The methodology for this systematic review was derived from evidence-based systematic reviews and meta-analyses of randomized trials. Furthermore, included trials had at least 25 patients in each group or described appropriate sample size calculation, enrolled patients with pain duration of at least 3 months, and followed-up for at least 1 month after treatment. Only randomized trials utilizing a true active control design with injection of either sodium chloride solution or local anesthetic or steroid into the epidural space, on the nerve root, in the joint, or facet joint nerves were included.
True placebo injections, that is, injections of inactive solutions into inactive structures, were not included. In active control trials, two different procedures or drugs are compared. For this assessment, only the trials comparing sodium chloride solution, local anesthetic, or steroids were utilized.
The rationale for assessing only the aforementioned agents is that they are the most clinically relevant medications. Further, trials where a drug was injected outside the epidural space, nerve root, or joint were excluded. This evidence will address the misconception concerning local anesthetic as a placebo or even sodium chloride solution as a pure placebo.
The interventions evaluated were caudal and interlaminar epidural injections in the cervical, thoracic, and lumbar regions; transforaminal epidural injections in the cervical, thoracic, and lumbar regions; and facet joint injections and nerve blocks in the cervical, thoracic, and lumbar regions. The primary outcome measure was pain relief; the secondary outcome measure was functional improvement. The search strategy emphasized chronic neck, thoracic, low back, and upper extremity pain; lower extremity pain; and chest wall pain treated with epidural or facet joint interventions.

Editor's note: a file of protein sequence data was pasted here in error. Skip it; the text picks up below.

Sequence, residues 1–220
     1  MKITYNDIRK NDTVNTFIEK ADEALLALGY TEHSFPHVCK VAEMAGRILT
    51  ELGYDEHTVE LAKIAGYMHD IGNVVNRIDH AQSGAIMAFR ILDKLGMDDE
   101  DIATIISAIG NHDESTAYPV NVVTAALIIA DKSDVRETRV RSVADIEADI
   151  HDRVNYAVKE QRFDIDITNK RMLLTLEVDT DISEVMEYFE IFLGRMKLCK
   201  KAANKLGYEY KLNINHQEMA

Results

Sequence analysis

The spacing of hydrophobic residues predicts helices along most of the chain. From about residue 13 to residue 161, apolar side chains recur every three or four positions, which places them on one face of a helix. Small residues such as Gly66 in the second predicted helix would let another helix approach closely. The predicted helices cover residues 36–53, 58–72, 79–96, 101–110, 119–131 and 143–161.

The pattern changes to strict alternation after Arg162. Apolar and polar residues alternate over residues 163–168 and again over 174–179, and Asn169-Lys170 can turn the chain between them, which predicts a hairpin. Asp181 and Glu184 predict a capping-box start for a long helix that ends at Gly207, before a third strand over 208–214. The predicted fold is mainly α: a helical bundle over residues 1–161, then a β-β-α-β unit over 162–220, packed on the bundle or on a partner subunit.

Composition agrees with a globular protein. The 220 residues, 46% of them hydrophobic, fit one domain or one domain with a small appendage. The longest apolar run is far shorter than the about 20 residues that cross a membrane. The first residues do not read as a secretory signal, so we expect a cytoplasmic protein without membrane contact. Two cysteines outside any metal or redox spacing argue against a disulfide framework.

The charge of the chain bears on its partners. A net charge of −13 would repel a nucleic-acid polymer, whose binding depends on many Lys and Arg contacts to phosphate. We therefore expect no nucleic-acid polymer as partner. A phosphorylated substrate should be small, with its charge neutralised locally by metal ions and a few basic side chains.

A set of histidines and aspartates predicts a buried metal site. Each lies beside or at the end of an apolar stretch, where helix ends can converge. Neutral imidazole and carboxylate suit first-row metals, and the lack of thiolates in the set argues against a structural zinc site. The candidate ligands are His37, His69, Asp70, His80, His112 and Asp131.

Chronic low back pain or chronic back pain or chronic neck pain or disc herniation or discogenic pain or facet joint pain or herniated lumbar discs or nerve root compression or lumbosciatic pain or postlaminectomy or lumbar surgery syndrome or radicular pain or radiculitis or sciatica or spinal fibrosis or spinal stenosis or zygapophyseal and epidural injection or epidural steroid or epidural perineural injection or interlaminar epidural or intraarticular corticosteroid or nerve root blocks or intraarticular injection or periradicular infiltration or saline injection or transforaminal injection or corticosteroid or methylprednisolone or facet joint or medial branch block ; Sort by: The literature search, selection of trials, and methodological quality assessment were performed by at least two authors for each task.
The allocation of trials for methodological quality assessment was distributed among the authors. Any discrepancies were resolved by consensus and the primary LM and senior JH authors.
Trials scoring 8—12 on Cochrane review criteria or 32—48 on ASIPP criteria were considered high quality, trials scoring 4—7 on Cochrane review criteria or 20—31 on ASIPP criteria were considered moderate quality, and studies scoring less than 4 on Cochrane review criteria or less than 20 on ASIPP criteria were considered low quality.
A meta-analysis was conducted if there were more than two trials that were condition-specific and homogeneous. Analysis of the evidence was based on the condition, region, and modality e. In another trial,[ ] forceful injection was assessed.